NDIS is best outcome

Anne Simmons

A National Disability Insurance Scheme plan has not only helped a Yarragon man live a busy life again, but has likewise lifted pressure and guilt from his mother who was previously primary carer for the man and his father.

Jeanette Best’s son Michael lives with an acquired brain injury following a sports-related injury as a teenager.

Now in his early 50s, Michael drove a car until about 10 years ago, but it now sits under the carport at the Yarragon house since his condition deteriorated.

“My strength is down,” Michael said, using a speech-generating device.

Michael requires a wheelchair for most of his mobility.

Before the rollout of the NDIS in the region, he received some support through a supporting older carers package. He now has a support worker visit four to five days a week through NDIS service provider Headway Gippsland.

“It’s great because now I can get around the community,” Michael said.

His mother said now all she had to do was “keep the place a little bit tidier”.

“I was sort of feeling as if I wasn’t doing enough for him,” Jeanette said.

“But I didn’t have the energy because I’ve got arthritis in my ankles and I just couldn’t walk far but all this is very good.”

Headway Gippsland arrange Michael’s support workers who help him around the house and take him out to church and op shops where he likes to buy books and DVDs.

“He’s got a busy life now where before he only had the one day a week,” Jeanette said.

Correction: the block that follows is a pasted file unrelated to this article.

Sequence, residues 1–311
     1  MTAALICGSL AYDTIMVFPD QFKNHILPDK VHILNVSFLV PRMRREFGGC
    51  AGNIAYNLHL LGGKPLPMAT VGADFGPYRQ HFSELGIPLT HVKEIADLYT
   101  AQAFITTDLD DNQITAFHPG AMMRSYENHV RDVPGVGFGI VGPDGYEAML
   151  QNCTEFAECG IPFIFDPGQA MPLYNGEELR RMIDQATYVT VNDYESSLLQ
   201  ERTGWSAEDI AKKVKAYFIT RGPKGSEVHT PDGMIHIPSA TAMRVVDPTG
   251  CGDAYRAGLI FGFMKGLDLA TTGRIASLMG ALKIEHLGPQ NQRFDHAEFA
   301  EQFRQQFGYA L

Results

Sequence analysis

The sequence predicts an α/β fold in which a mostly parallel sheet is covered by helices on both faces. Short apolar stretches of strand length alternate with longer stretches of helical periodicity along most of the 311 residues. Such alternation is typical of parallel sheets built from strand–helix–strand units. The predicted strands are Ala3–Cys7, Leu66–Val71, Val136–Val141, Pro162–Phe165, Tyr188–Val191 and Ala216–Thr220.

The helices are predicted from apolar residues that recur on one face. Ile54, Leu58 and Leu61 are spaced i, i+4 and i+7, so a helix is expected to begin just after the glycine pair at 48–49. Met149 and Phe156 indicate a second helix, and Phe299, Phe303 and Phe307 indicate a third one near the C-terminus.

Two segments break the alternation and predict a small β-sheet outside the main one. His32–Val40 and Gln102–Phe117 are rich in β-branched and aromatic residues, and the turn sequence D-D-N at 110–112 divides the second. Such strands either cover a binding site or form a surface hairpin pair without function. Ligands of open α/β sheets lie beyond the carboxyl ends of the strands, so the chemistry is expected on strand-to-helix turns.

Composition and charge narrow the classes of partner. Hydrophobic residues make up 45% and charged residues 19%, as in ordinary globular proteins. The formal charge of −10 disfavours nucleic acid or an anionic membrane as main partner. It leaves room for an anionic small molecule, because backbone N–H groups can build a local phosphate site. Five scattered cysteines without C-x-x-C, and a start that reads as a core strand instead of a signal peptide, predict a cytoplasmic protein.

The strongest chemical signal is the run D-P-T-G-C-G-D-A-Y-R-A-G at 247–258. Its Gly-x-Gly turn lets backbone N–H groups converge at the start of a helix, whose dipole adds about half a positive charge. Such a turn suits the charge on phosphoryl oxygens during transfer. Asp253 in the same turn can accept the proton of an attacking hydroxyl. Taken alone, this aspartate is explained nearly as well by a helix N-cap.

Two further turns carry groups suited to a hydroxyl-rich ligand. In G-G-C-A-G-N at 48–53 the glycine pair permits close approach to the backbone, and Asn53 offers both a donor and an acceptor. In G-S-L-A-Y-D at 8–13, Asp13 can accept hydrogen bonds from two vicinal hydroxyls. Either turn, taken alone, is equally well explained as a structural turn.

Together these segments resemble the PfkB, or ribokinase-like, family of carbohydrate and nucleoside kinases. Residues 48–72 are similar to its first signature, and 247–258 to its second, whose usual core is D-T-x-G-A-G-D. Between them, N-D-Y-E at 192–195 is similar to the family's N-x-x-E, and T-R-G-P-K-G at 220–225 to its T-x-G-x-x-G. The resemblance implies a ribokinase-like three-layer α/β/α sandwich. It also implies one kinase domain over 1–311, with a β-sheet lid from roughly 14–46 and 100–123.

“That’s really been good … because we’re getting to the stage because I’m a carer for Ian [her husband] too and I just didn’t have the time to take him out everywhere.”

The family is still in need of a ramp at the rear of their home where the current solution is an old caravan step off the veranda.

Ambulance visits have become more regular with Michael’s chest problems and susceptibility to pneumonia and the lack of a ramp has become a health and safety problem.

Ian said the first ambulance visit was on a “terribly” wet day and when the paramedics wheeled Michael to the edge of the veranda they had to “more or less manhandle” the gurney, a wheeled stretcher, from there to stable ground.

The ramp was part of Michael’s plan approved in December but is not a reality yet, as home modifications must pass a secondary approval stage by NDIA.

Headway Gippsland service engagement officer Nuray Ardolli said the ramp was “crucial”.

“This ramp access will not only benefit in the event of emergency it will actually benefit Michael in the long term of becoming a bit more independent where he will be able to access the garden and enter and exit his home in the wheelchair,” Ms Ardolli said.

In the meantime, Michael said he was “getting better and stronger” and since getting out into the community more is hoping a support worker could take him to the gym to improve his strength even further.